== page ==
1. PART A references to and lists down certain offences under various acts such as the Indian Penal Code, 1860, the NDPS Act,1985, the Unlawful Activities (Prevention) Act, 1967, the Prevention of Corruption Act,1988, et cetera.
  2. PART B contains the offence under SEC 132 of the Customs Act,1962.
  3. PART C deals with trans-border crime and when money laundering occurs across various nations. 

Commission of offence laid down under PART A or PART C would be a scheduled offence, irrespective of the value involved in the said offence. However, for the offence specified in PART B of the Schedule, the total value involved must be one crore or more for the offence to be a scheduled offence.

After having looked into what exactly is money laundering under the PMLA, it is important to look into what would happen if a person is accused of the offence of money laundering. According to SEC 45 of PMLA, the offence of money laundering is a cognizable and non-bailable offence. SEC 43 of the PMLA states that the Central Government shall designate one or more Sessions Court as Special Court to try the offence of Money Laundering. Currently, The Enforcement Directorate in the Department of Revenue, Ministry of Finance, and the Government of India are responsible for investigating the offences of money laundering under the PMLA.  Under SEC 5, the Director as appointed under the said Act can attach property involved in money-laundering for a period of not more than 180 days if the Director has reasons to believe that a person is in possession of proceeds of crime and that such proceeds are likely to be concealed or dealt with in such manner that may frustrate proceedings related to the confiscation of such proceeds. The burden of proof is on the person who is accused of money laundering, i.e unless the contrary is proved it is presumed that proceeds of crime are involved in money laundering. If a person is found guilty of the offence of money laundering then such person shall be punished with rigorous imprisonment of at least three years which may extend to seven years and shall also be liable for a fine.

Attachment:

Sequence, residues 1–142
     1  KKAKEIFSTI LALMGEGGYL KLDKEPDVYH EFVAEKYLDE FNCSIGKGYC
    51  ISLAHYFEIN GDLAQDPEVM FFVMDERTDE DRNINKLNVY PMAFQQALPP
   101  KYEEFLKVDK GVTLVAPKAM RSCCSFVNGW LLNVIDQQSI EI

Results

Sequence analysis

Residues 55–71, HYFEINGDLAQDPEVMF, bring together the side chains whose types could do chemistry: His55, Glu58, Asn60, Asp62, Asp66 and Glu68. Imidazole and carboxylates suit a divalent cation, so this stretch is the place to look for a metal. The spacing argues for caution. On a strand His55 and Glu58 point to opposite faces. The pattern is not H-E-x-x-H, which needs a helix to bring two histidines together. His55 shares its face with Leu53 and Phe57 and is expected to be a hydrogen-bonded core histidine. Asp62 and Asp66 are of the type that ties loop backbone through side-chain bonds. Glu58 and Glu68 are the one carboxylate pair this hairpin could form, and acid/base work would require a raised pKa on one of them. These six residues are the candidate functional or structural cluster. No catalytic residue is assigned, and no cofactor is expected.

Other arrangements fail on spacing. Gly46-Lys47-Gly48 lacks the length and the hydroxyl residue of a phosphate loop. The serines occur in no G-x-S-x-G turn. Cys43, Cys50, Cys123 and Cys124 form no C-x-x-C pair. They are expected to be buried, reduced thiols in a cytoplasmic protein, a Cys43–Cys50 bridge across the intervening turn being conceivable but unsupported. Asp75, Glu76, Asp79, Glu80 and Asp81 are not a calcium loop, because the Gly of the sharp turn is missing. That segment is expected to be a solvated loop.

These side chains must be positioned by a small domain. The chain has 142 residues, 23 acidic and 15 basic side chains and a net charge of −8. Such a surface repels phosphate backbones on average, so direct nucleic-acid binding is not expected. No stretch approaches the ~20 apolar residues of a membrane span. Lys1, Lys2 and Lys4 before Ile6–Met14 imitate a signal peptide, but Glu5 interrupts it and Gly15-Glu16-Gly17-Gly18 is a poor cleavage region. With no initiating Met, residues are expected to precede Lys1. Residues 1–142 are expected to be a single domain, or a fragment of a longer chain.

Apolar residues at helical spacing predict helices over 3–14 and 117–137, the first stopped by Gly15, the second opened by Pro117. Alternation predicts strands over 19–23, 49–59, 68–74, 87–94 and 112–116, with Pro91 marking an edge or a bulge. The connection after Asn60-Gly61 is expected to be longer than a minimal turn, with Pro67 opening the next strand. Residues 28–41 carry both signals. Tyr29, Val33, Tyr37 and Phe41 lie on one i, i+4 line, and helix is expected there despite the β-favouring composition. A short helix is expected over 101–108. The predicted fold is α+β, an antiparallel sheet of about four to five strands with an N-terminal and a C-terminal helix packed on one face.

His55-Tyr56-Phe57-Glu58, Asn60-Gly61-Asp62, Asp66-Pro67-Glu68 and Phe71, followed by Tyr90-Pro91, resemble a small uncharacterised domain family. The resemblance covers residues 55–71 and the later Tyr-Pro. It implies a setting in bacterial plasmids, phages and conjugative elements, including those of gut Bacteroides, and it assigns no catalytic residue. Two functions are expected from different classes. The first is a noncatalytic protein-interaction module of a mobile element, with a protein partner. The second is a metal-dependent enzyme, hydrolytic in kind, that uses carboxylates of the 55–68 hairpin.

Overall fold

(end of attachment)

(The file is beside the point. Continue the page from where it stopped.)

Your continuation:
Therefore, the Prevention of Money Laundering Act,2002 and the Rules notified under it deal exhaustively with the issue of money laundering. It is a widespread issue and continues to persist despite the legislators’ efforts to curb it. Having such laws in place does act as a deterrent and hopefully, with even more stringent laws in the future, India and other nations would be able to curb money laundering activities.

By Mihika Awate